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Title: Searching for de novo Proteins Capable of Performing Non-natural, Life-sustaining Reactions in E. coli
Authors: Yost, Colin
Advisors: Hecht, Michael H
Department: Chemistry
Class Year: 2019
Abstract: Synthetic biology seeks to push the boundaries of nature by importing non-native structures and functions into living organisms. Previous work in the Hecht lab has pursued this objective by using synthetic de novo proteins to perform natural, life-sustaining reactions in E. coli. However, the ability of de novo proteins to enable growth through non-natural functions remains largely unexplored. In order to investigate de novo proteins’ ability to catalyze non-natural, life-sustaining reactions, a system of genetic selections and a growth enhancement screen were developed. Using “pro-nutrients” – molecules that are not normally metabolizable by wild-type E. coli but can be converted into metabolizable nutrients through chemically facile reactions – these tests tied survival ability to non-natural activity by de novo proteins. Initial testing of the Hecht lab’s current libraries of de novo protein sequences was unsuccessful in identifying non-natural, life-sustaining activity. As a result, two “positive control plasmids” – which encoded natural proteins known to convert two pro-nutrients to their corresponding nutrients – were constructed and used to test the efficacy of the selections and screen developed. The current methodology was unable to identify the non-natural, life-sustaining activity of the positive control plasmids, indicating that the current approach for choosing pro-nutrients and designing the selections and screen must be further refined. Once the pro-nutrient-based selections and growth enhancement screen are optimized enough to identify a positive control plasmid, they can be used as a standard methodology for efficiently testing current and future de novo protein libraries for a variety of non-natural, life-sustaining functions.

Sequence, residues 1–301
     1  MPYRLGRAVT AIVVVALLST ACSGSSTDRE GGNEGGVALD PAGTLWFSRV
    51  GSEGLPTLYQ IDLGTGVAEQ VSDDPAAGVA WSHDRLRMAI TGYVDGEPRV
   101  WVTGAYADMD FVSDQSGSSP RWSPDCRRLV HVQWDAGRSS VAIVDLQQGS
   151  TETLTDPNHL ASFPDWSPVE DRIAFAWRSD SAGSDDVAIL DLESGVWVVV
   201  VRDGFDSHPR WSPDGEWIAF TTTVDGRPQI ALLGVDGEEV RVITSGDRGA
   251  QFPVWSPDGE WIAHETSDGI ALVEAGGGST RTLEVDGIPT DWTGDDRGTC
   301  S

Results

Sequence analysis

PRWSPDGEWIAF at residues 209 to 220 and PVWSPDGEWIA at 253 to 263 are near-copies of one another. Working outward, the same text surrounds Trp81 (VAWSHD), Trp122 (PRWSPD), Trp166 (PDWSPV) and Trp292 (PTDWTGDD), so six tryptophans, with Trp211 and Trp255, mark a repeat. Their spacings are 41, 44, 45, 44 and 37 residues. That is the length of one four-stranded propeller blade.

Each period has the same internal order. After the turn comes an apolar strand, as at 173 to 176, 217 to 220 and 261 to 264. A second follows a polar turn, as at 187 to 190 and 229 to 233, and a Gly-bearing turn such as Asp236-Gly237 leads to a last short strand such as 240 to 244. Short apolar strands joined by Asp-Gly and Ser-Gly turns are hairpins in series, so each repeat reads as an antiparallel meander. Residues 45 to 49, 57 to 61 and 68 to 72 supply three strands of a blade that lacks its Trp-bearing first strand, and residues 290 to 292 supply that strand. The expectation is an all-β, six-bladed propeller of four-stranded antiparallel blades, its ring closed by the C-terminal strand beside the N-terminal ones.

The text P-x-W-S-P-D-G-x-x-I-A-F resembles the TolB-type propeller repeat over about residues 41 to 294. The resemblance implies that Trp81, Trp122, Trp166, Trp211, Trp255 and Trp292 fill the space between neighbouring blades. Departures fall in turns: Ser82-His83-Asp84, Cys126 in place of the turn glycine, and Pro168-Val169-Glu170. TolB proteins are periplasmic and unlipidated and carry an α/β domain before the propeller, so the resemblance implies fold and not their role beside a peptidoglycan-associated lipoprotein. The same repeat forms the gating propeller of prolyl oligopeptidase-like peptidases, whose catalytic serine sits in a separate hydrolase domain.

Type of Material: Princeton University Senior Theses
Language: en
Appears in Collections:Chemistry, 1926-2019

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